HIV infection in the female genital tract: discrete influence of the local mucosal microenvironment.

Center For Gene Therapeutics, Michael G. DeGroote Institute of Infectious Diseases Research, Department of Pathology and Molecular Medicine, McMaster University, Hamilton, Ontario, Canada.
American Journal Of Reproductive Immunology (Impact Factor: 3.32). 04/2010; 63(6):566-75. DOI: 10.1111/j.1600-0897.2010.00843.x
Source: PubMed

ABSTRACT Women acquire HIV infections predominantly at the genital mucosa through heterosexual transmission. Therefore, the immune milieu at female genital surfaces is a critical determinant of HIV susceptibility. In this review, we recapitulate the evidence suggesting that several distinctive innate immune mechanisms in the female genital tract (FGT) serve to significantly deter or facilitate HIV-1 infection. Epithelial cells lining the FGT play a key role in forming a primary barrier to HIV entry. These cells express Toll-like receptors and other receptors that recognize and respond directly to pathogens, including HIV-1. In addition, innate biological factors produced by epithelial and other cells in the FGT have anti-HIV activity. Female sex hormones, co-infection with other pathogens and components in semen may also exacerbate or down-modulate HIV transmission. A combination of innate and adaptive immune factors and their interactions with the local microenvironment determine the outcome of HIV transmission. Improving our understanding of the female genital microenvironment will be useful in developing treatments that augment and sustain protective immune responses in the genital mucosa, such as microbicides and vaccines, and will provide greater insight into viral pathogenesis in the FGT.

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    ABSTRACT: The male and female reproductive tracts are complex microenvironments that have diverse functional demands. The immune system in the reproductive tract has the demanding task of providing a protective environment for a fetal allograft while simultaneously conferring protection against potential pathogens. As such, it has evolved a unique set of adaptations, primarily under the influence of sex hormones, which make it distinct from other mucosal sites. Here, we discuss the various components of the immune system that are present in both the male and female reproductive tracts, including innate soluble factors and cells and humoral and cell-mediated adaptive immunity under homeostatic conditions. We review the evidence showing unique phenotypic and functional characteristics of immune cells and responses in the male and female reproductive tracts that exhibit compartmentalization from systemic immunity and discuss how these features are influenced by sex hormones. We also examine the interactions among the reproductive tract, sex hormones and immune responses following HIV-1 infection. An improved understanding of the unique characteristics of the male and female reproductive tracts will provide insights into improving clinical treatments of the immunological causes of infertility and the design of prophylactic interventions for the prevention of sexually transmitted infections.Cellular & Molecular Immunology advance online publication, 30 June 2014; doi:10.1038/cmi.2014.41.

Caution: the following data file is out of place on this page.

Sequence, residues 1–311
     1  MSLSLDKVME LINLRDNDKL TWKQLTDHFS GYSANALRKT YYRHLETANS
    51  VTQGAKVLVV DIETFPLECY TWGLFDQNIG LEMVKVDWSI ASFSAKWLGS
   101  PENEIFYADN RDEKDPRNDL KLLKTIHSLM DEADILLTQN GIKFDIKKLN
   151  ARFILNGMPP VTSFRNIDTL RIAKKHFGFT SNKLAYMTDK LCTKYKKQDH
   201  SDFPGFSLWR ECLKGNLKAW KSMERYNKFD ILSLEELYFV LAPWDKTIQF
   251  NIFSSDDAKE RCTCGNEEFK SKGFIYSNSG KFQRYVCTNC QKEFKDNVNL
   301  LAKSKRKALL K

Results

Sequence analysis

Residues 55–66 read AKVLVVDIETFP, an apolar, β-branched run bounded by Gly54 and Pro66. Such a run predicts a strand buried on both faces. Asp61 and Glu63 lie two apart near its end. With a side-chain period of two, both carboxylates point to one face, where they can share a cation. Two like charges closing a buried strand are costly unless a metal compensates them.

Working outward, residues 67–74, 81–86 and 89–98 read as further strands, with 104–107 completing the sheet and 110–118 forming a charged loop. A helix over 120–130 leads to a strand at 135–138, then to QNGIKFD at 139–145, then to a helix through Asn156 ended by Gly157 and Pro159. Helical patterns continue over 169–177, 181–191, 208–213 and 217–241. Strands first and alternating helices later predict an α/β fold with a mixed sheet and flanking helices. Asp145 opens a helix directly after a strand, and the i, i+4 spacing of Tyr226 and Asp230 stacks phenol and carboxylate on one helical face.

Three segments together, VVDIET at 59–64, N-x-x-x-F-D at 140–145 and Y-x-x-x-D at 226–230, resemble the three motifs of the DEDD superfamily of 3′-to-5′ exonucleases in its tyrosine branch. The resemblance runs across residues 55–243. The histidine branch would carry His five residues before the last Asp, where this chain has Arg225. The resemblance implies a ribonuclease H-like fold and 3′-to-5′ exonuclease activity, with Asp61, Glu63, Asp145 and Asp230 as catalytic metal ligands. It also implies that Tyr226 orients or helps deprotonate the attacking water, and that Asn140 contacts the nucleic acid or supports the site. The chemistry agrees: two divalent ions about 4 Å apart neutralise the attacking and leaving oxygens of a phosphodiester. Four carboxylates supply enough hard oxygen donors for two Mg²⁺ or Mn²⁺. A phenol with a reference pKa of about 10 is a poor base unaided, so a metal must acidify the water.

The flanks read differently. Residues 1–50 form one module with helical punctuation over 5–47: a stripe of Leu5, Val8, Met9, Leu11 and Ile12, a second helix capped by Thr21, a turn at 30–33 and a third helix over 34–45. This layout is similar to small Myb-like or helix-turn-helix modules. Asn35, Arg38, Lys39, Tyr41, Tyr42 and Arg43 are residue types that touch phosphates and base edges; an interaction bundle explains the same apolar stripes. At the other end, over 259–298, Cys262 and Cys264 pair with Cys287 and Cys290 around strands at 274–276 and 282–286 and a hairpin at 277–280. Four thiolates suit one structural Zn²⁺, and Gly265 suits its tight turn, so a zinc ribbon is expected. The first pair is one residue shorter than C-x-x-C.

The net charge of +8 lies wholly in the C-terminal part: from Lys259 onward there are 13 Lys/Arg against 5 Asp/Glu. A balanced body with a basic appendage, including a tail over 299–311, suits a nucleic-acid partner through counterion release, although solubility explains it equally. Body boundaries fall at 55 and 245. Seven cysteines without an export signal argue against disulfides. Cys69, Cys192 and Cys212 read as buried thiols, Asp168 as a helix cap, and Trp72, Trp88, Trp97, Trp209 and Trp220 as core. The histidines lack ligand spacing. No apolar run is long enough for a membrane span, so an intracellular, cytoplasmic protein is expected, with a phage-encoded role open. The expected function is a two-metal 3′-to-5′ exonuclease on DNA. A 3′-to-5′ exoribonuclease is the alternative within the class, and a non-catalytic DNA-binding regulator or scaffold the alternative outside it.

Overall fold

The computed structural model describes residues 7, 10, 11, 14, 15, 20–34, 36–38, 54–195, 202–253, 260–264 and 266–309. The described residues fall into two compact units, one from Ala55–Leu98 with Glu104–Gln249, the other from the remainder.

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    ABSTRACT: Background Sexual transmission is the main route of HIV-1 infection and the CCR5-using (R5) HIV-1 is predominantly transmitted, even though CXCR4-using (X4) HIV-1 is often abundant in chronic HIV-1 patients. The mechanisms underlying this tropism selection are unclear. Mucosal Langerhans cells (LCs) are the first immune cells to encounter HIV-1 and here we investigated the role of LCs in selection of R5 HIV-1 using an ex vivo epidermal and vaginal transmission models. Results Immature LCs were productively infected by X4 as well as R5 HIV-1. However, only R5 but not X4 viruses were selectively transmitted by immature LCs to T cells. Transmission of HIV-1 was depended on de novo production of HIV-1 in LCs, since it could be inhibited by CCR5 fusion inhibitors as well as reverse transcription inhibitors. Notably, the activation state of LCs affected the restriction in X4 HIV-1 transmission; immune activation by TNF facilitated transmission of X4 as well as R5 HIV-1. Conclusions These data suggest that LCs play a crucial role in R5 selection and that immature LCs effectively restrict X4 at the level of transmission.
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